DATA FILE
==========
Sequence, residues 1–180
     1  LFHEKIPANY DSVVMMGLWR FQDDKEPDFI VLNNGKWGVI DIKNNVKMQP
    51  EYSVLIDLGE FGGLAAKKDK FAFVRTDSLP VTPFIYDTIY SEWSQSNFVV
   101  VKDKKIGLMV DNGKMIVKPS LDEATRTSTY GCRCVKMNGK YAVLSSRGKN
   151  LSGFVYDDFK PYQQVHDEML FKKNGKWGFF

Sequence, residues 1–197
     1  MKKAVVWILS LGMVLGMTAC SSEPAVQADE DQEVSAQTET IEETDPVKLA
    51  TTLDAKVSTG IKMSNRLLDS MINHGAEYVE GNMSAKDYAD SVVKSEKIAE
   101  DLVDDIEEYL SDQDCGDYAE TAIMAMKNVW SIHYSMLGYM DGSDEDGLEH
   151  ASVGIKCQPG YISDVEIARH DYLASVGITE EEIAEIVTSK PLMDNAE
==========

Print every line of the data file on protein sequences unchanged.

Sequence, residues 1–180
     1  LFHEKIPANY DSVVMMGLWR FQDDKEPDFI VLNNGKWGVI DIKNNVKMQP
    51  EYSVLIDLGE FGGLAAKKDK FAFVRTDSLP VTPFIYDTIY SEWSQSNFVV
   101  VKDKKIGLMV DNGKMIVKPS LDEATRTSTY GCRCVKMNGK YAVLSSRGKN
   151  LSGFVYDDFK PYQQVHDEML FKKNGKWGFF

Sequence, residues 1–197
     1  MKKAVVWILS LGMVLGMTAC SSEPAVQADE DQEVSAQTET IEETDPVKLA
    51  TTLDAKVSTG IKMSNRLLDS MINHGAEYVE GNMSAKDYAD SVVKSEKIAE
   101  DLVDDIEEYL SDQDCGDYAE TAIMAMKNVW SIHYSMLGYM DGSDEDGLEH
   151  ASVGIKCQPG YISDVEIARH DYLASVGITE EEIAEIVTSK PLMDNAE